4b) Indeed, since the algorithms and implementations must be kept secret, that means that whoever controls the algorithms controls who can make players (e.g.: The digital FM system here in the US, iBiquity, requires as a part of the standard that all data SHALL be encrypted using a key from iBiquity - and so if you want to make an HD Radio, you SHALL pay iBiquity for that key. And if they don't like what kind of radio you propose to make, you don't make it. Look up "Griffin HD Radio Shark", and what happened to it.)
5) It can lead to restrictions on media creation. If entities like the RIAA have their way, then once DRM is widely available, they can start towards requiring ALL media to be rights managed. You want to upload your funny cat video? You MUST use a key, and guess what? You MUST rent that key from them! (Yes, this is a "slippery slope" argument. "Slippery Slope" is not a fallacy, but rather an assumption. You may chose to question the truth of the assumption, and thus the validity of the argument, but it is not always in error, and given what has transpired in the past, the slippery slope is more often than not taken).
In "Mostly Harmless", DNA had the idea that, as biometrics became ever more detailed in block fraud, they became ever more time consuming and invasive, so somebody has the brilliant idea to store all the biometric data on a card that could be scanned instead.
Ford Prefect steals a top-tier Guide executive's card, and is then able to pass himself off as that executive by presenting the card to all the "secure" systems.
So, Paypal gets its wish, and we all get a device to authenticate ourselves. Great - so if that device is stolen, whoever has it can masquerade as us. So we need a way to authenticate that is really is the device's proper owner using it. Hmm, I wonder what that would be. Something easy, that won't fail like a fingerprint scanner after you've been working on that engine block all Saturday. Something that doesn't require a bunch of extra, costly hardware. Something that works with existing hardware, like a keyboard. Something like, I don't know, maybe a string of characters known only to the user and the device. Brilliant! I just wonder what we should call it....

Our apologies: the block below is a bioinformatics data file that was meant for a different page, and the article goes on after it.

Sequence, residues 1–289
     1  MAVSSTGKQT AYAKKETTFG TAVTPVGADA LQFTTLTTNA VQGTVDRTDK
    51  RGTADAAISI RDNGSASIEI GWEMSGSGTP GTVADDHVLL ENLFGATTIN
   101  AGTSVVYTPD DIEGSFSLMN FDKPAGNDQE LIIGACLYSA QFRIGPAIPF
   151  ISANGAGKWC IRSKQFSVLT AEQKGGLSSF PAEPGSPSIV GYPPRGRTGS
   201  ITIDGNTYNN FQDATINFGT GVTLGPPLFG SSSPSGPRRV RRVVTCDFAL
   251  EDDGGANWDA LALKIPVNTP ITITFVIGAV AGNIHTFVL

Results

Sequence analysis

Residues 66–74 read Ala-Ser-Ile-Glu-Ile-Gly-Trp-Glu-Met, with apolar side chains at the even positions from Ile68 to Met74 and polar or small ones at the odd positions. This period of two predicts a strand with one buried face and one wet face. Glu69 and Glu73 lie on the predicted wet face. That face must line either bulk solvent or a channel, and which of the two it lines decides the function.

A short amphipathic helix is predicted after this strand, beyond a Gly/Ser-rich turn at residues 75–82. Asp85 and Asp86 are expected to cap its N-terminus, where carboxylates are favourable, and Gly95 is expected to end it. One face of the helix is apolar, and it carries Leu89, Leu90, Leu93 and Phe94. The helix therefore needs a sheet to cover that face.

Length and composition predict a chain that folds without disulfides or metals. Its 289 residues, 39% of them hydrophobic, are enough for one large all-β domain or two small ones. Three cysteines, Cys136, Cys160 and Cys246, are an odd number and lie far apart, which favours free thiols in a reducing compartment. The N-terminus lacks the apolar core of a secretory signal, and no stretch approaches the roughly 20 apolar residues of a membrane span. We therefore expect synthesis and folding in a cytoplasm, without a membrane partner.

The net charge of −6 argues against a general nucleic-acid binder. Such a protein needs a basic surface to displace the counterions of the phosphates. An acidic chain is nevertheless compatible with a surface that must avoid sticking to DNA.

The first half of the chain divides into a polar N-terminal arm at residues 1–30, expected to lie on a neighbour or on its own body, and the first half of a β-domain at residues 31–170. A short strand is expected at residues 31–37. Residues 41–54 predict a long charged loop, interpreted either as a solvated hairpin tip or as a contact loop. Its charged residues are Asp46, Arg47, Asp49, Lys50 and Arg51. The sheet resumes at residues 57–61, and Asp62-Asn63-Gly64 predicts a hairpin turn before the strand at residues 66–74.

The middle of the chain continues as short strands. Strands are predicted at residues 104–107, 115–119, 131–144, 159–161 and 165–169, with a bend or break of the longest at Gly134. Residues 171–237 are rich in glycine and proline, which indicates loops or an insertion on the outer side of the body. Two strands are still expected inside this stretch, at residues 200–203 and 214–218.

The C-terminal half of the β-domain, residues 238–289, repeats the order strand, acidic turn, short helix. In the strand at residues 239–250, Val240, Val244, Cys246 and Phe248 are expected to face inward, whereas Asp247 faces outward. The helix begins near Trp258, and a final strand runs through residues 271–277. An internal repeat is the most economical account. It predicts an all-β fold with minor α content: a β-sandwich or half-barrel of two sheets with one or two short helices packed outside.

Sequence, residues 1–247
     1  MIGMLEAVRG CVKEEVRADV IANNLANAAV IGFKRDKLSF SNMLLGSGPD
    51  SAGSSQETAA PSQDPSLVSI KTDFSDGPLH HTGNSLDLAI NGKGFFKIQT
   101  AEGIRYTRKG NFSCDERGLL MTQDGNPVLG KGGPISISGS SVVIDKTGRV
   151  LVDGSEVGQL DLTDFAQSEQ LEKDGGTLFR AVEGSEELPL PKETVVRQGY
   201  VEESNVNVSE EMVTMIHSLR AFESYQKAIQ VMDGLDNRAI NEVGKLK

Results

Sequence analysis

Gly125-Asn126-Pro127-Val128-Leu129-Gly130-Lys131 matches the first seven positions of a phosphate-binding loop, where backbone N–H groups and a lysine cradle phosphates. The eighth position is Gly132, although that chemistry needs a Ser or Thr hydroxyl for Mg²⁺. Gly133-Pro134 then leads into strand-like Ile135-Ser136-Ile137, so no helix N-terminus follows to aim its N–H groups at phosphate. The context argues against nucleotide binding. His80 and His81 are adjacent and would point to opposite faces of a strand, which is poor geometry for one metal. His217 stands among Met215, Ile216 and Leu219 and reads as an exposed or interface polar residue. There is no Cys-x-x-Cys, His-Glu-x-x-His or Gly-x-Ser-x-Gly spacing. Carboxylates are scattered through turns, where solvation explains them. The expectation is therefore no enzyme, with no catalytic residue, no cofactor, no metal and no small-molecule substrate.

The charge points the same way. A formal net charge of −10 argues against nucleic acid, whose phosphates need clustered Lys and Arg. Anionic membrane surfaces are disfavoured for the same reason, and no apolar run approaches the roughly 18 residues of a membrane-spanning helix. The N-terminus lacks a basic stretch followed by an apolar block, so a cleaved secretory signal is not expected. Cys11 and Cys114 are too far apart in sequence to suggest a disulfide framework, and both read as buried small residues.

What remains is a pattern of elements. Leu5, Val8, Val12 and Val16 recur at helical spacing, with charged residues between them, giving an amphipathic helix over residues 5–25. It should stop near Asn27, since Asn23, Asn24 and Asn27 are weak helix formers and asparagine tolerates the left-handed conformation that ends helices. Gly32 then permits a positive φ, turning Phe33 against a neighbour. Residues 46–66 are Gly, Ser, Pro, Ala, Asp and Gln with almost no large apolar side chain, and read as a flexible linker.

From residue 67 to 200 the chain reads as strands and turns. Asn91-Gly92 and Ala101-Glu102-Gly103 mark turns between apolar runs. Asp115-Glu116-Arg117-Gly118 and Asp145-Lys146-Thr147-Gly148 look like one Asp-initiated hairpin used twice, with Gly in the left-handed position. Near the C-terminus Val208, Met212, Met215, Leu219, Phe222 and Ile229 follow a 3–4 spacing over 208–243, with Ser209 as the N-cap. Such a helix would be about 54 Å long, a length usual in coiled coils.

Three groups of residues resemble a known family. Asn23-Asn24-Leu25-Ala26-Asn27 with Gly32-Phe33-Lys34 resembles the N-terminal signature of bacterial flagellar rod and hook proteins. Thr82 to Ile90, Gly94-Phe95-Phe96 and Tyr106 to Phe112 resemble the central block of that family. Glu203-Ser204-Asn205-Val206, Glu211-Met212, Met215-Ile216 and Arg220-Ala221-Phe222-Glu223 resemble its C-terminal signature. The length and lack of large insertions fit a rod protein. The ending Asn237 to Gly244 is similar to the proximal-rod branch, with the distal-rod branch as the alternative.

Why aren't stores forced to use chip & pin everywhere?
"Why aren't stores forced to use chip & pin everywhere?"
I think you have the question backwards: what would force stores to use chip and pin?
Look who gets hurt in a credit fraud:
Usually, not the account holder - if they can prove the fraud is not their fault they usually are not held responsible for most, if not all, of the cost.
Not the credit card company - almost always, they just reverse the fraudulent charges back to the merchants.
So it's only the merchants who have any motivation to deploy anything more secure. However, the "invisible hand" only works when there are real alternatives, and since the credit card companies don't really offer a meaningful alternative to mag-stripe, the merchants have no choice - they take what they can get (mag-stripe) or they don't handle credit transactions (read: they don't get any business, because who can be bothered to carry cash or checks in this spend-spend-spend era?)
I knew of a guy involved with a very large company's web site, who detected a massive credit fraud-in-progress. He held the transactions, contacted the credit card company, said "I can give you the address they are wanting the goods shipped to: call the police, nab them in the act, done!" The credit card company's response? "Don't care, not our problem, don't let the transactions go through or we'll just charge it back to you, bye now<click>".
He should also remove all atoms in his body
He should also remove all atoms in his body that have ever been in Israel, stop responding to any gravitational pull from Israel, and not use any mathematical constructs ever developed by an Israeli.
Really, Palestinian supporters? The man is already backing you, stop being silly.